-ism in hyper country

The quantity of information present of the web, as well as its compartmentalization personified by wikipedia, allows for some instant cross-referencing. This is great, but something keeps creeping into my mind: Borges' tale about the map/territory relation as told by Baudrillard. I guess it is almost impossible to study urban design without stumbling at least half a dozen times across the simulacrum and hyperreality theories. It is really easy to get sucked into the thoughts of a long and interesting line of philosophers (from Plato to Frederic Jameson, Umberto Eco, Deleuze and Baudrillard himself) just like a teenager gets sucked into Nietzsche. And I must admit it is tasty food for though.


These subjects arose yet again while trying to come up with a back story for this post. At first I only wanted to divulge the work of Sergio Lopez. Not to say his work is hyperreal - it in fact departs into surrealism - but it reminded me of hyperrealism. But then I realized (no pun intended) I knew very little about this movement and so I went to wikipedia, of course.

Apparently Hyperrealism is a term used to describe an art movement and style developed in early 21st century, even though it was coined in 1973 to depict Photorealism - the genre which inspired it. Photorealism demonstrates how photography became assimilated into the art world. It is worth mentioning that realistic depictions or imagery have been around since antiquity. Artists have always tried to fool one's eye. It is interesting to note that the attempt to depict a subject in a realistic fashion continued at the same time the daguerreotype was invented and even after. However one cannot deny the implications photography had in the visual arts.

It's widely accepted that the Impressionism as a movement is inherently reactionary against the establishment of photography as a new medium. As with most inventions throughout the centuries, photography was seen as an undermining agent to the artist's reality mimicking abilities. Thus both portrait and landscape paintings seemed to lack in truth when compared to the "efficiency" and  reliability" of photography [Levinson, Paul (1997) The Soft Edge; a Natural History and Future of the Information Revolution, Routledge, London and New York].

"Photography inspired Impressionists to capture the moment, not only in the fleeting lights of a landscape, but in the day-to-day lives of people", I read somewhere. This "inspiration" is not to be taken lightly as some of them, the Impressionists, actually based some of their work in original photographs.

Levinson [op. cit.] argues that photography did actually inspired artists to search for other original ways of expression. In this manner, instead of competing with the reality emulating proprerties of photography, artist turned the other way by focusing "on the one thing they could inevitably do better than the photograph – by further developing into an art form its very subjectivity in the conception of the image, the very subjectivity that photography eliminated". Better put, photography pushed painters into various exploration on the painting medium, like the colour that photography then lacked. [see also Sontag, Susan (1977) On Photography, Penguin, London]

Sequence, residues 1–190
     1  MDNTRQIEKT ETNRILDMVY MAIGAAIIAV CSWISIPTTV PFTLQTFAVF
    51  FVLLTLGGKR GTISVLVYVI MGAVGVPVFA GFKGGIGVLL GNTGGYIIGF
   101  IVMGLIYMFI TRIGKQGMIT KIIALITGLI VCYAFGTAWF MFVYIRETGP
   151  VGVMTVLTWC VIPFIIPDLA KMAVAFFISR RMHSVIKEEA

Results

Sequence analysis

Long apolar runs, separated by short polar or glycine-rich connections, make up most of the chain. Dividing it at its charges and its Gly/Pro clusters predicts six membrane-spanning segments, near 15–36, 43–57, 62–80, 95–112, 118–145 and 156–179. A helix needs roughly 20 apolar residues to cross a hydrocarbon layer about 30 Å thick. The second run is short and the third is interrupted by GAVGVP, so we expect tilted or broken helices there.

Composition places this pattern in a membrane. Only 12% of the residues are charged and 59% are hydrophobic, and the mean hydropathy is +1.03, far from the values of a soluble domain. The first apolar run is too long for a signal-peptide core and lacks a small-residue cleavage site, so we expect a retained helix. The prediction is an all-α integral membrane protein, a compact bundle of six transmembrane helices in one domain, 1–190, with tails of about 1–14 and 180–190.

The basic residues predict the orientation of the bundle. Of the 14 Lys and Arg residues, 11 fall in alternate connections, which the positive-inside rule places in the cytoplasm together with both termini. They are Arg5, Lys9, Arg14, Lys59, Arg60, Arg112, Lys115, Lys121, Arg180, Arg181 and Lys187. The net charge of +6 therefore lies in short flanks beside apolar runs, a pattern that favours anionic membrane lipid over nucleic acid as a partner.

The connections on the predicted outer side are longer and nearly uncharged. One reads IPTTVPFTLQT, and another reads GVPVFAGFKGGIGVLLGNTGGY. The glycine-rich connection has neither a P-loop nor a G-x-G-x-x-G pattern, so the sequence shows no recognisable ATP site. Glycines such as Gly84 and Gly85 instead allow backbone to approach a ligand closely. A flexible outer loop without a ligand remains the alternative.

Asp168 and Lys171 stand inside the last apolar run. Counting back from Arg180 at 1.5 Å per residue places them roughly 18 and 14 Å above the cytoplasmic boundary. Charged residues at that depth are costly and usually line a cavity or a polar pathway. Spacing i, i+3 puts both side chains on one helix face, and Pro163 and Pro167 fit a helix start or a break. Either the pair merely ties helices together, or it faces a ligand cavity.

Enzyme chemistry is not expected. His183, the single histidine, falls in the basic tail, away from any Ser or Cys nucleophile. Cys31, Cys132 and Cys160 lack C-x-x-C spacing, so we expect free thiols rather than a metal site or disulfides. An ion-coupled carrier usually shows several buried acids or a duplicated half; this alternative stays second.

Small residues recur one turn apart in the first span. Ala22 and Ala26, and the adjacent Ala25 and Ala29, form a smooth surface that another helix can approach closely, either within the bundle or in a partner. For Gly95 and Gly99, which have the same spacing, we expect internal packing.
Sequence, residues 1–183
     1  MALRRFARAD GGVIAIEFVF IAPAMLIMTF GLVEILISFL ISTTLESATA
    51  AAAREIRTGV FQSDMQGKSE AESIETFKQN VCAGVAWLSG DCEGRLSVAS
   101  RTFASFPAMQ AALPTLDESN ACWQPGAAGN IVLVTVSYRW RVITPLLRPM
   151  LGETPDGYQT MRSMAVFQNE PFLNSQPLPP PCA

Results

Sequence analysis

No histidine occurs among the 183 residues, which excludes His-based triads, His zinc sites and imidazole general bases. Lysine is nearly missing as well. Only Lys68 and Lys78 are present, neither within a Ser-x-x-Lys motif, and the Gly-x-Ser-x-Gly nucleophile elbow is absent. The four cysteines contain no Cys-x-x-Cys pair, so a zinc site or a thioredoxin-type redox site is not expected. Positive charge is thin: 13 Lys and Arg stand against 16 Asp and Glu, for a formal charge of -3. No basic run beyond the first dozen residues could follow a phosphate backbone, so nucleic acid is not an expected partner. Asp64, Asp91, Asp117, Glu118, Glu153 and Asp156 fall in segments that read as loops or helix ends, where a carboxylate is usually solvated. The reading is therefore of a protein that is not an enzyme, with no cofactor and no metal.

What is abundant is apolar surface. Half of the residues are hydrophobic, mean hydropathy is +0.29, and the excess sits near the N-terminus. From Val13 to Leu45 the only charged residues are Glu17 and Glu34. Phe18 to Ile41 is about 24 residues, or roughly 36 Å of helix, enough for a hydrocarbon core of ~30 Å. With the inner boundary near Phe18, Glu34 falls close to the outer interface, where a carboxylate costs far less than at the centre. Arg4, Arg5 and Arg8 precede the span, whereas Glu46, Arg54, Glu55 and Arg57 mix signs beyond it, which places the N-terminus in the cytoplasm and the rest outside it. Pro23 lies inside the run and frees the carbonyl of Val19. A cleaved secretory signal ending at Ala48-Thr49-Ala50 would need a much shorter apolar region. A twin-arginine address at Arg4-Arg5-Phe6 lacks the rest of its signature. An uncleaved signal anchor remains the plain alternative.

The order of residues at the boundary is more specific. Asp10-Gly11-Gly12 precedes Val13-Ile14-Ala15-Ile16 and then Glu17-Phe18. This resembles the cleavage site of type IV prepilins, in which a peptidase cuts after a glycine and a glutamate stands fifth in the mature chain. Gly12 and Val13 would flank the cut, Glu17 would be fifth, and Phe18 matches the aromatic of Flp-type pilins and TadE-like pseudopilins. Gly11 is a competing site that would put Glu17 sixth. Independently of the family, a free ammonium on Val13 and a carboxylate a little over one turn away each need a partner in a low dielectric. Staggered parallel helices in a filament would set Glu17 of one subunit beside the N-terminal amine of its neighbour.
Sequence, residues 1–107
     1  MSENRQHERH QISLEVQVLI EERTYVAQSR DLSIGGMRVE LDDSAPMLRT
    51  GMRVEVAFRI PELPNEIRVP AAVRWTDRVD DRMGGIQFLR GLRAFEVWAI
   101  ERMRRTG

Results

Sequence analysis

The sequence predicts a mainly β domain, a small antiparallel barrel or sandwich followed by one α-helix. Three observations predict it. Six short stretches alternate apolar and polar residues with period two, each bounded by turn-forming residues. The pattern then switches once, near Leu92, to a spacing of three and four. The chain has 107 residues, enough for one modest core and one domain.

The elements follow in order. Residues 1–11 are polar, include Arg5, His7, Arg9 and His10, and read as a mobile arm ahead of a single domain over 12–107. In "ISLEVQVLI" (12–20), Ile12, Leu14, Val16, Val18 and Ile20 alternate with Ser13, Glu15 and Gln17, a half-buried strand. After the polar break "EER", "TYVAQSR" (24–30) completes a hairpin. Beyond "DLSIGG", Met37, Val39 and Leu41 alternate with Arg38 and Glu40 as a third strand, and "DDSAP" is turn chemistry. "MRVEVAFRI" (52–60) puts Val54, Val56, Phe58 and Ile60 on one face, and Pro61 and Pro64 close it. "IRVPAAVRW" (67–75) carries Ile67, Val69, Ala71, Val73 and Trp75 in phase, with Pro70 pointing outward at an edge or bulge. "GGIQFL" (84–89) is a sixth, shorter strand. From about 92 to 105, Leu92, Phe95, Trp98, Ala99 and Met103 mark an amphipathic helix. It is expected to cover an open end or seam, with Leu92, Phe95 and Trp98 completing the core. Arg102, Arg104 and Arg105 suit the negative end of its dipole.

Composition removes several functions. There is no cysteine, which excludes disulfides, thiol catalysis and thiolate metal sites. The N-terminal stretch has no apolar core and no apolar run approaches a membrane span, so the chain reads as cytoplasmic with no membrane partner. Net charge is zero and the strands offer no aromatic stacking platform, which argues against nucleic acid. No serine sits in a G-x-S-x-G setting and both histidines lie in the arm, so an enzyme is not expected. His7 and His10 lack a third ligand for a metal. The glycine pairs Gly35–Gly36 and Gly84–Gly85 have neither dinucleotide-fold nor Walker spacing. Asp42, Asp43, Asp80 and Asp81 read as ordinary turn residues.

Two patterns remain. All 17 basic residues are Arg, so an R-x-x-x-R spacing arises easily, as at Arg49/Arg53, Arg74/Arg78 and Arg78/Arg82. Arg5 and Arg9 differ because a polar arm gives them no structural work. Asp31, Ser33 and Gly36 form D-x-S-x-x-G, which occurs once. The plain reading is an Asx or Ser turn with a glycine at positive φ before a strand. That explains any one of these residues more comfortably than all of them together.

It is with this same intention that Hyperrealism rose into being as it opposes the more litteral approach found in traditional 20th century photo-realistic paintings which insisted upon the imitation of photographic images, omitting or abstracting, by a process of sublimation, minute details so as to achieve an overall consistency - human emotion, political values, and narrative elements would all be omitted. Like Pop-Art, the artistic movement from which Photorealism originated, it had a precise, inflexible and mechanical quality to it, focusing mainly on mundane and everyday imagery.
On the contrary, Hyperrealism endows the photographic images which it uses as references with a more definitive and detailed quality by enriching it with narrative and emotive elements.

But even if hyperrealist renderings end up creating the illusion of a reality not present in the original photo - given its meticulous detail - one can not say they are surreal in nature because the illusion is a convincing depiction of (simulated) reality, or an illusion based on an simulation of reality embodied - or disembodied - in the digital photograph. In Baudrillard's words, ”the simulation of something which never really existed.”

This portrait called "Mark" was done by Charles Thomas "Chuck" Close between 1978 et 1979. Close reproduces photographic images by imitating the CMYK print in a big scale using a grid and painting each cell separately.

In stark contrast to the newer concurrent Photorealism with its continued avoidance of photographic anomalies. Hyperrealist painters at once simulate and improve upon precise photographic images to produce optically convincing visual illusions of reality, often in a social or cultural context.

Juan Francisco Casas uses the cell phone camera lo-fi photographs as references for creating images which don't conceal the anomalies present in this type of medium.

There isn't a great conclusion to all this. It just never ceases to amaze me how cyclic movements of resistance keep pushing evolution forward. I mean, sometimes it seams that art is just the hard way of doing things.

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